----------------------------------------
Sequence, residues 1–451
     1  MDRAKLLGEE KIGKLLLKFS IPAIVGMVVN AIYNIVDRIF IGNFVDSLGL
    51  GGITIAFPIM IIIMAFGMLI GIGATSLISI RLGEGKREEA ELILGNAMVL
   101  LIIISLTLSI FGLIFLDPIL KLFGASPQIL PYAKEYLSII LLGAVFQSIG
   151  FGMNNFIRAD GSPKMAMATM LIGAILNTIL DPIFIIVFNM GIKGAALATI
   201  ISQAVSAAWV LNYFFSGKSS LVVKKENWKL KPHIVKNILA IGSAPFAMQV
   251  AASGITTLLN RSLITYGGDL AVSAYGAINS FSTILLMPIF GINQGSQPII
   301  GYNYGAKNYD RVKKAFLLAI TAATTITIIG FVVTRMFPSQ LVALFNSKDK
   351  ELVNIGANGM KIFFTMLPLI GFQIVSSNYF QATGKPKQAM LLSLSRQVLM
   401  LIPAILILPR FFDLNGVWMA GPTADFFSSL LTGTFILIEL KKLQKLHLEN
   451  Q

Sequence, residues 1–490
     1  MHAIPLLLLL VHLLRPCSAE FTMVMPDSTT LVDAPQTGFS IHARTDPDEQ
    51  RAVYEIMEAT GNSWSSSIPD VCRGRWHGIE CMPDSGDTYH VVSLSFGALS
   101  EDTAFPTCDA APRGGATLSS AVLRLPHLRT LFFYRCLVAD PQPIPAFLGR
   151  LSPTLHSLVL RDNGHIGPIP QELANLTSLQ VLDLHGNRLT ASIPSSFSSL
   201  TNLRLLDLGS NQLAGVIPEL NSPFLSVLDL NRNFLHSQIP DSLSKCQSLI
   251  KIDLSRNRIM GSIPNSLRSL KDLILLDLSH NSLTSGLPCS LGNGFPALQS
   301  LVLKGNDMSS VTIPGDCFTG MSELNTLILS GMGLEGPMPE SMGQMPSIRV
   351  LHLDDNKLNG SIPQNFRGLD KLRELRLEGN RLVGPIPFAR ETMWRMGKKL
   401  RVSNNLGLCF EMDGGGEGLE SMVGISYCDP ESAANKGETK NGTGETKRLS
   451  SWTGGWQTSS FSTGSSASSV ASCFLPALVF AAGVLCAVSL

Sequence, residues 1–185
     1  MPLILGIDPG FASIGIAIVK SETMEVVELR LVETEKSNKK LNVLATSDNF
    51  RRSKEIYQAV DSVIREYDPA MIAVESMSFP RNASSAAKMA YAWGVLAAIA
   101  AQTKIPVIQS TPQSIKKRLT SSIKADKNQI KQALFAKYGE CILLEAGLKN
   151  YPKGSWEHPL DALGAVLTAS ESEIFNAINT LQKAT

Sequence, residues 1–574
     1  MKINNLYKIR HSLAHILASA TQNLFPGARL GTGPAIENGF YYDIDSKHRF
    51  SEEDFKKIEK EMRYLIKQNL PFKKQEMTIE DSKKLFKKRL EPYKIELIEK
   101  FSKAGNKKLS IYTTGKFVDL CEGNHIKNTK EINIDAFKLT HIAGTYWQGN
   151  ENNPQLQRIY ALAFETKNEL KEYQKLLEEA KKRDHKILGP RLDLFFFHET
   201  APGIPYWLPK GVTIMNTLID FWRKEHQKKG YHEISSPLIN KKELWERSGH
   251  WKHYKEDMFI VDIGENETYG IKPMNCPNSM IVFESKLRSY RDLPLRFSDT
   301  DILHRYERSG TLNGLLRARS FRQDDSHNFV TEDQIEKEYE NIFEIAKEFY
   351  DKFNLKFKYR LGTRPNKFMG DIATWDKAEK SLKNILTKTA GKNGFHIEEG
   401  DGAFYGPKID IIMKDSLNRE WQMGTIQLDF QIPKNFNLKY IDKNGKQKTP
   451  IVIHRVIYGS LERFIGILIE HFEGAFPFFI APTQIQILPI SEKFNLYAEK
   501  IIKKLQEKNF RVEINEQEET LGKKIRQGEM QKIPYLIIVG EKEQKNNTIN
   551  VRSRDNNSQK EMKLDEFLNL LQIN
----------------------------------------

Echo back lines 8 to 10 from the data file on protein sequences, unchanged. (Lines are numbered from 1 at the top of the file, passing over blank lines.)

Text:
   301  GYNYGAKNYD RVKKAFLLAI TAATTITIIG FVVTRMFPSQ LVALFNSKDK
   351  ELVNIGANGM KIFFTMLPLI GFQIVSSNYF QATGKPKQAM LLSLSRQVLM
   401  LIPAILILPR FFDLNGVWMA GPTADFFSSL LTGTFILIEL KKLQKLHLEN